Here you go Andrew; “Breakthrough, a human rights group that aims to “make violence against women unacceptable,” is urging consumers not to buy tonight’s Mayweather-Pacquiao pay-per-view, citing Mayweather’s extensive history of domestic violence. The campaign is tagged as #noMayPac on Twitter, and has gained a good bit of momentum today in particular.”

  2. andrew 12:28pm, 05/02/2015

    The only people wasting money on PPV are old folks who can’t figure out how to get it for free on a computer.

  3. Kid Blast 12:12pm, 05/02/2015

    The only people boycotting this fight are people who can’t afford to pay PPV.

  4. andrew 12:04pm, 05/02/2015

    I agree with Adam Berlin. I’m still hoping something manages to prevent this hyped up con job from wasting hundreds of millions of dollars on these juiced up little geriatric pugs and their slimy entourages.

  5. andrew 12:02pm, 05/02/2015

    I agree with Adam Berlin. I’m still hoping something manages to prevent this hyped up con job from wasting hundreds of millions of dollars on these juiced up little geriatric pugs and their slimy entourages.

  6. Kid Blast 11:59am, 05/02/2015

    Thanks Dan, Hope I’m right. I can’t stand Roach but that’s not the reason I hope I’m right. $$$$ are.

  7. Floydfan 11 06:15am, 05/02/2015

    Floyd is going to STOP Pacquiao because of
    Pacquiao’s own aggression. If you are looking
    for a great fight ( DON’T ) Pacquiao is NO MATCH
    for Floyd and right from the start you will see
    it. Floyd has EVERY advantage in this fight
    SIZE, SPEED, SKILLS, DEFENSE, RING
    INTELLIGENCE, TRAINER, PEDIGREE, and
    home field advantage. The MGM doesn’t
    like Bob Arum. Bayless has seen Roach
    accuse him of being in Floyd’s corner.
    The scale is tipped in Floyd’s favor.

  8. Dan Adams 04:30am, 05/02/2015

    Ted, enjoyable read, as always.  I equally respect, and like, both fighters in this one, but I’m going with my fellow American, Floyd Mayweather, for the win.  Personally I think Floyd wins big, for he sure has been training as if he means to make a clear, concise statement regarding his greatness.

  9. Darrell 02:56am, 05/02/2015

    Money wins going away.

  10. gael 10:51pm, 05/01/2015

    Finally.. the fight will be tomorrow.
    Can’t wait for these expert wannabees to be proven wrong as always.
    Marquez and Floyd are 2 different counter punchers.
    Marquez is a mexican warrior who is a courageous counter puncher… willing to take a punch to dish out the counter.
    Floyd on the other hand is a safety first counter puncher.
    Apples and oranges, “experts”.
    Hope Floyd will have the courage to exchange and give a performance worth for what he is payed for.
    It does not matter who wins as long as it is worthy of the “fight of the decade”.

  11. Eric 09:44pm, 05/01/2015

    Just like the Pac-Oscar fight, the predictions are one-sided and most turned out wrong.

  12. Galvar 02:34pm, 05/01/2015

    If only Manny still had that speed… I’m rooting for Manny but Floyd will be too big and too slick.  Manny’s only chance is if he punches Floyd’s shoulder to the point that Floyd quits cause his shoulder falls off.  If I were Floyd, even if I was dominating the fight, I’d make it look like I was struggling but get the win.  This would make a rematch more attractive.  Then he and Manny can make another 300 million and call it a day.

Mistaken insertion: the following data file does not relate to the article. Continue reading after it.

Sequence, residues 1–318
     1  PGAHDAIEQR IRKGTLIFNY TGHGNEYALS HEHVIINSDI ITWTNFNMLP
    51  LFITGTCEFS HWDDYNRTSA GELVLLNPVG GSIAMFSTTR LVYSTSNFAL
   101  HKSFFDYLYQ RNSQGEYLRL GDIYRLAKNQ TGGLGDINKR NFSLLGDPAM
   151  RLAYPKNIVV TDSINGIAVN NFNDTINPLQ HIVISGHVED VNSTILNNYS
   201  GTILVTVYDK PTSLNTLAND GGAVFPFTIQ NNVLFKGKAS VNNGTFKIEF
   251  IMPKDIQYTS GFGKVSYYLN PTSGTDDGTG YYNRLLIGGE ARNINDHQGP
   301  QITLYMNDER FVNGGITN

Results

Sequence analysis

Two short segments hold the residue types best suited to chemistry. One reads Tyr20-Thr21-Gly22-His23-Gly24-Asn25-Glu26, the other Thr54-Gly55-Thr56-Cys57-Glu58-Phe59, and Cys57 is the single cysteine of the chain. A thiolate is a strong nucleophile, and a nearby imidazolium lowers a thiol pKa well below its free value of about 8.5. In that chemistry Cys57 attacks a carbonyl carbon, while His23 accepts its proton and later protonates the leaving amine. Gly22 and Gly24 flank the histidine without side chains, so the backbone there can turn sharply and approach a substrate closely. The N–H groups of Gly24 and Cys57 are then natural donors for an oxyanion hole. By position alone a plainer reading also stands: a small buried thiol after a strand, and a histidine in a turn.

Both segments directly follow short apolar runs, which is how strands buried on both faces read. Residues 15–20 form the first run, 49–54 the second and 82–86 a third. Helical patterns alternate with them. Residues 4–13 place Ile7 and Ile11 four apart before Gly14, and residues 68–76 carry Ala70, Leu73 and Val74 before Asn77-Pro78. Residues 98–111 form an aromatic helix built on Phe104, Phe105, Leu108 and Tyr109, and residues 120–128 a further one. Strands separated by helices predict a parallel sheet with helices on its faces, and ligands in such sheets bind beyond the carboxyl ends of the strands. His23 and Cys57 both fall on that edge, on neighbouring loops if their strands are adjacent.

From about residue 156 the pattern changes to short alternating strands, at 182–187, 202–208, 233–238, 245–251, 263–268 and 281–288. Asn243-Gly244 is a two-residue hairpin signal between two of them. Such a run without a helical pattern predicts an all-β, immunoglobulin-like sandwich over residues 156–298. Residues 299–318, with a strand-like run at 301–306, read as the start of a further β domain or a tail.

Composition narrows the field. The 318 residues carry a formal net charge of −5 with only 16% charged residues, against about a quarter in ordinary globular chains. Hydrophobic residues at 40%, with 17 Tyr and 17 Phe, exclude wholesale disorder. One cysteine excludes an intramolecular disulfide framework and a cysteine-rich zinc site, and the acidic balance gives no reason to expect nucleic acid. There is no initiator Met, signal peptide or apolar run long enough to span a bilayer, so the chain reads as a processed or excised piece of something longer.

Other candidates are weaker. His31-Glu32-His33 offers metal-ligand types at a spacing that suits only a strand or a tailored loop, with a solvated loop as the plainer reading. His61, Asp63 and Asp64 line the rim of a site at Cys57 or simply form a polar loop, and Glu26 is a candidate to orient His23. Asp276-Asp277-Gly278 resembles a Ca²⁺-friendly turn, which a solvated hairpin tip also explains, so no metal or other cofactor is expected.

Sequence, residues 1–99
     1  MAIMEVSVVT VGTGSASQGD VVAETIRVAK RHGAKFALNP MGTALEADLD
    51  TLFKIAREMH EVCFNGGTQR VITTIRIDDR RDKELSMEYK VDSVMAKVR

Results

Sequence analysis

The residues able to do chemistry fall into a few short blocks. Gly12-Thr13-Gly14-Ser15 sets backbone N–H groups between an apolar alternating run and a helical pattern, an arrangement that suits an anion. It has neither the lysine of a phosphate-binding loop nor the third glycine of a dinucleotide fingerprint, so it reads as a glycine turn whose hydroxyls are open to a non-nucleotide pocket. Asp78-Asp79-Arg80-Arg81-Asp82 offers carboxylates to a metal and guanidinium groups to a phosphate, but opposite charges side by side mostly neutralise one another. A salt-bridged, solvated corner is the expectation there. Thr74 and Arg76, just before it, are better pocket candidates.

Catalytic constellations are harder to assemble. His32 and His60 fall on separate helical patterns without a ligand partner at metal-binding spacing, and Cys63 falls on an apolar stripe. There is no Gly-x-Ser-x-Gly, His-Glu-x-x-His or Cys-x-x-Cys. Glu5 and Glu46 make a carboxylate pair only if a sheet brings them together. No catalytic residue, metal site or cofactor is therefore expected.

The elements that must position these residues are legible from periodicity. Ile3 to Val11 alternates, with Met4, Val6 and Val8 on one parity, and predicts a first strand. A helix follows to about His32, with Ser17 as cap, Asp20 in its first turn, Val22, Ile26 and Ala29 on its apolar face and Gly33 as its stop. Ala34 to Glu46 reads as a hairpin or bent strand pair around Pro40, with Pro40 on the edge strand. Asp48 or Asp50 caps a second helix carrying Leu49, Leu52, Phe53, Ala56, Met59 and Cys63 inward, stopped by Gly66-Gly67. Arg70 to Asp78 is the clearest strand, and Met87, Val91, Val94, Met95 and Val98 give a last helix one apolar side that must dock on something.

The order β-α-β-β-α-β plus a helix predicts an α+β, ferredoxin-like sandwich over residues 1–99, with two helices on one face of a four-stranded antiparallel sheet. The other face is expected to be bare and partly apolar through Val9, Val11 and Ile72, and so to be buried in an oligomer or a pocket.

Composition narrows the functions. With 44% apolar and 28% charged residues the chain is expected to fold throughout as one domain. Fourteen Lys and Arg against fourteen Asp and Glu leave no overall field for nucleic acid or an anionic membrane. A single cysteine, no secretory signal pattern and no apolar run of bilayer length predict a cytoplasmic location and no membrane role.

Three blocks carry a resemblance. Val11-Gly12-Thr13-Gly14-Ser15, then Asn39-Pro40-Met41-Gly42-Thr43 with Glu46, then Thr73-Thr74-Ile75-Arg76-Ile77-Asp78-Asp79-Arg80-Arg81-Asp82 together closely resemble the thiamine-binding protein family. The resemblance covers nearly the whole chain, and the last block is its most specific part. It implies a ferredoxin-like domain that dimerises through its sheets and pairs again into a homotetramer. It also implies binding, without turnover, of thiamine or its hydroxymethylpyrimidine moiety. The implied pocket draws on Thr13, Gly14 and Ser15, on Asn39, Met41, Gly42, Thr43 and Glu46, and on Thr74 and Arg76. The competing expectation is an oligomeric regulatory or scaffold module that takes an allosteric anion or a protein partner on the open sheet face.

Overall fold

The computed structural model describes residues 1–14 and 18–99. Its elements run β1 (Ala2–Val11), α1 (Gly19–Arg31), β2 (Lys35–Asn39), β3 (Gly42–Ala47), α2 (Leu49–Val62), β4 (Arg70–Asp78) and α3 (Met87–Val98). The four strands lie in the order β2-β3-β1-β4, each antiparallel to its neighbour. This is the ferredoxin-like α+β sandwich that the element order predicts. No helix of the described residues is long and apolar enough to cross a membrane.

13. Bill Angresano 01:02pm, 05/01/2015

    PETE WOOD you’ve got it right!!

  14. Old Yank 12:00pm, 05/01/2015

    Weaving a prior article on the quality of the officials for this bout with my prediction that Manny need only steal a few more rounds off Mayweather than Maidana did in their first bout, I remind fans and pundits that Dave Moretti saw Mayweather/Maidana #1, 114-114!

  15. Pete The Sneak 11:25am, 05/01/2015

    Fight Film Collector, that DIONESIA post made me go out and get the LOTRIMIN…Sheesh…LL Cool John, you are correct, let’s hope boxing does not screw this up…The buzz here in NYC is incredible for this fight. I work in the Financial district here in NY and that’s all you hear in the offices, elevators, Lobbys, Deli’s and lunchonettes is “who do you like in the fight tomorrow?” I think the last time I saw this much ado (about something, I hope) in boxing was definitely Ali-Frazier One…Yeah, yeah, I know it’s no comparison to that fight in historical context, however you can’t argue with the world wide interest and attention this fight is garnering. It’s been a long time indeed, so boxing fans, let’s just enjoy and hope after the fight that the infamous, old proverbial boxing saying, ‘Black eye’ does not rear it’s ugly head into print…Peace.

  16. John aka L.L. Cool John 11:05am, 05/01/2015

    Everyone involved in the financial end of this fight would love to see a rematch. A lopsided win for Mayweather would not fair well for these guys doing it once again. Therefore, like Old Yank said above, a draw could well be a possibility. I agree with Ted Sares on his prediction which is Mayweather by UD or MD.
    FYI: I have $100 on Mayweather by KO/TKO. If it happens, I win $620. To bet Mayweather to win is -200. I don’t like to lay those odds. I need a good price.
    ***Note: This fight has been great for the popularity of boxing. The world is watching. I hope boxing officials don’t screw this up.

  17. Kid Blast 10:44am, 05/01/2015

    Holy moly

  18. The Fight Film Collector 10:39am, 05/01/2015